It is still 310 B.C., you are still in Math Club in Alexandria, Egypt, and your best friend Eratosthenes has used his well and your well to determine that the earth is 24,000 miles in circumference, as we described in problem #1 last week.
While the two of you are discussing this one evening, you look up and notice that a lunar eclipse (the earth is blocking light from reflecting off the moon) has begun, and that the total eclipse (no illumination of the moon at all) lasts exactly 3 hours 20 minutes. Furthermore, you have observed in the past that during a solar eclipse (the moon travels in front of the sun), that the moon happens to exactly cover the sun, as if you were stacking two pennies on top of each other. (Note: NEVER look at the sun during a solar eclipse!! Cut a pinhole in a piece of foil and look at the shadow the pinhole casts)
When the lunar eclipse is over, Eratosthenes leaps to his feet and announces that since there won't be any cartoons to watch for another 2200 years, he wants to work on calculating the circumference of the moon's orbit around the earth! You are astonished once again. Why, you're still writing on papyrus scrolls, and is will be 1800 years before Galelio peers through a telescope!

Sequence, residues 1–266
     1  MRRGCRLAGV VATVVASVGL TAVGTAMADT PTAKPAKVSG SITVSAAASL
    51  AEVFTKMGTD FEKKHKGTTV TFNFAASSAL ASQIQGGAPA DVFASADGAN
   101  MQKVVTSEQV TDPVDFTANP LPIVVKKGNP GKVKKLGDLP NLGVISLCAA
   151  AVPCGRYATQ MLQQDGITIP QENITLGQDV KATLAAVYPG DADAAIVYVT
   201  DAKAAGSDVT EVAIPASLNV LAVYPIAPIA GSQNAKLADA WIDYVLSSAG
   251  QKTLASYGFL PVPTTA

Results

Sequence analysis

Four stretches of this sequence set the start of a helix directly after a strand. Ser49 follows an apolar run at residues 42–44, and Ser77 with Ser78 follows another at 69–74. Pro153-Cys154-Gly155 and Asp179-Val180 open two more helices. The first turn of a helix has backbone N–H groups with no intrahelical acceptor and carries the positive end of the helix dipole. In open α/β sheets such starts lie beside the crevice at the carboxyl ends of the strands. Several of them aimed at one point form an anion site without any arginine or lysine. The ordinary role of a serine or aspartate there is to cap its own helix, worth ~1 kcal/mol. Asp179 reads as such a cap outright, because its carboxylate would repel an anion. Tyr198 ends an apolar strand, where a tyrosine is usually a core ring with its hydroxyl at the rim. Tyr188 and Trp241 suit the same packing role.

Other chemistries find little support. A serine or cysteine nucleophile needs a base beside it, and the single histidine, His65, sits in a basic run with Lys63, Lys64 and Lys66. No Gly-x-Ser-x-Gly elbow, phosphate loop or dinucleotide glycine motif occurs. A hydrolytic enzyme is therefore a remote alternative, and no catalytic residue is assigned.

Here is what we need to know:
1) The moon's orbit takes 27 days (why is it shorter than 28 from full moon to full moon?)
2) The eclipse lasted 3 hours 20 minutes
3) From last week, we know the earth's circumference is 24,000 miles
4) The ratio of the circumference of a circle to its diameter is always 3.1 or so
How did Eratosthenes figure this out, and what is the circumference of the moon's orbit? (remember we're still on equivalent ratios)
This is what people did before cartoons!
We need to form a ratio of equivalent quantities:
3 hours 20 min = 3.33 hours
27 days = 648 hours
Earth's shadow = Earth's diameter = Earth's circumference/3.14 = 24,000 miles/3.14 = 7640 miles
We want to know the circumference of the moon's orbit. Think of this as expressing ratios of similar things in similar ways. For this case, we divide the length of the orbit during the eclipse (the earth's shadow) by the entire
orbit, and the equivalent ratio in time is the time the moon is in eclipse divided by the time for the moon to go the entire orbit:
7640 miles / C = 3.33 hours / 648 hours
C = 7640 miles * 648 hours / 3.33 hours = 1,480,000 miles!